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looking and grizzling over what might have been.”
But, 'Lizbeth, 'Lizbeth! one's father and one's mother!”
Elizabeth would answer nothing; but when she dusted her sacred little table she would leave the Bible open at a page containing a Divine answer to the cry of Margaret's heart.
One Saturday evening, after Margaret had been suffering in silence many hours, she suddenly looked up from her work.
“ 'Lizbeth,” said she, “will you lend me your Sunday gown to-morrow?”
Elizabeth looked quite pleased.
"Why, Margaret, you will do finely in it: and, do you know, you could not have asked me at a more convenient time, for, as it happens, the Reverend Mr Straightways preaches in our chapel to-morrow, and he always has a slap at finery; and yet, rather than leave it in the
cupboard unaired for a whole fortnight, I might
have been tempted to put it on. Ah laws! this world! the pomps and the vanities! Will you have the black lace on it as it is?”
How little curiosity you have, ’Lizbeth! Don't you wonder where I am going ?”
Of course I do.” “Well, then,” answered Margaret, flinching a little in her voice, but looking straight at Elizabeth with a pale, firm face, “I am going to Wrexham Church."
Elizabeth's blue eyes looked her through and through. Margaret looked back into hers, unfalteringly, though mournfully; and they understood one another as well as if they had spoken. Elizabeth's gaze had said, “Canst thou ?" and Margaret had answered, “I can.”
“Speed ye well, Margaret !” said Elizabeth Vandereck; “the pure of heart are always brave.”
“I was one of the choir," said Margaret. “I will go to my place and sing as I used to do.
you know, my father once said, when I was quite a child, he only went to church to hear me sing.”
Now, that was not right to say to a child,” observed Elizabeth.
My Gracie has also a very pretty voice of her own,” she added, kissing the little one who was in her arms as she spoke.
The next morning the young widow attired Margaret with her own hands, and bade her “God speed !” as she sent her forth on her journey.
The dove-coloured silk, which had seen the inside of the little Methodist chapel many a time since that day when Elizabeth Transom first wore it there as Joshua Vandereck's bride, became Margaret wondrously well.
She looked once more like “the young lady of Darnley Chace,” as the villagers used to call her when she lived with Mrs Kennedy.
She was to be at both morning and afternoon service, and to eat her dinner of oatmeal cake,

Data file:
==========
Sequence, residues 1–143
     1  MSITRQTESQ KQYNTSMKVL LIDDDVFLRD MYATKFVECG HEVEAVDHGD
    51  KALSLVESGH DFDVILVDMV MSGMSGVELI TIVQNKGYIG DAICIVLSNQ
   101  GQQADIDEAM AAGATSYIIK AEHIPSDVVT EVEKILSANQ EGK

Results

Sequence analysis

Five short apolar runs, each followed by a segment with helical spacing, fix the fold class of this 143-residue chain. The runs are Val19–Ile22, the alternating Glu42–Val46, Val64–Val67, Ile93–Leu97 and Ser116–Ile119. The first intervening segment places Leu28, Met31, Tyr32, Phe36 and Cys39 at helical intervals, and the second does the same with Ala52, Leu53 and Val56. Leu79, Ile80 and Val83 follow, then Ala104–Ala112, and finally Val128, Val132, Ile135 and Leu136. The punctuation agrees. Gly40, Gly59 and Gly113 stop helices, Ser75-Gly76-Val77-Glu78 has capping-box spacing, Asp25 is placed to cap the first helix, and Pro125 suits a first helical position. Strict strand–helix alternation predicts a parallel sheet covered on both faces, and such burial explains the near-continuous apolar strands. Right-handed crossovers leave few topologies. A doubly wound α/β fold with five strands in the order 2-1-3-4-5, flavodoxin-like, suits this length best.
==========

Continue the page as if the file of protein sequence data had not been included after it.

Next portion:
which she carried in her pocket, in one of the quiet lanes through Wrexham Downs.
“I feel,” said she, as she parted from Elizabeth, “ like one of those poor wretches going to be tried by red-hot ploughshares. Every pang I suffer and show will be taken as evidence of
Elizabeth stood and waved her apron as long as she could see her.
At sunset she went to the same spot, which was some little distance from the cottage, to look out for her.
It was not long ere she saw a form of softer grey than the cliffs flitting quickly down the beach.
“Here she comes, children,” said Elizabeth, setting the twins down on the stones. “Here comes our dove. Does she bring the olivebranch, I wonder ?”
She ran to meet her, caught both her hands, and peered affectionately into her face.
“ What cheer, mate?” said she, using one of her husband's homely phrases, in her own soft, pleasant voice.
“None, 'Lizbeth, none." “What! no olive-branch, my poor tired dove?"
” “Ah! no, 'Lizbeth; all's dry and withered where I've been, and hard and bitter. Let me come back into the ark and die.”
She took hold of Elizabeth's plump arm with both her hands, and leaned upon
it wearily. “I am heartsore and footsore, 'Lizbeth. Take me home."
“ You must have some tea before you tell me all about it,” said Elizabeth, “and before I tell you my adventures; for I have had quite remarkable things happen since you went away this morning. I am longing to tell you ; so pray
make haste and get your tea and your story told, that I
tell mine." When tea was over, the house shut, and the children asleep, Margaret told her story—how